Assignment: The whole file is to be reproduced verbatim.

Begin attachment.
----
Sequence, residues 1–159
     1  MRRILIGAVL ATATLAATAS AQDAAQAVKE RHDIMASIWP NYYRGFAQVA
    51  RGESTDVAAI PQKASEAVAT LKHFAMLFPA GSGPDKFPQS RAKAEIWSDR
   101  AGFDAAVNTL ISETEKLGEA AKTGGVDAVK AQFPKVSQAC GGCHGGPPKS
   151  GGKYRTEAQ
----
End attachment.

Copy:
Sequence, residues 1–159
     1  MRRILIGAVL ATATLAATAS AQDAAQAVKE RHDIMASIWP NYYRGFAQVA
    51  RGESTDVAAI PQKASEAVAT LKHFAMLFPA GSGPDKFPQS RAKAEIWSDR
   101  AGFDAAVNTL ISETEKLGEA AKTGGVDAVK AQFPKVSQAC GGCHGGPPKS
   151  GGKYRTEAQ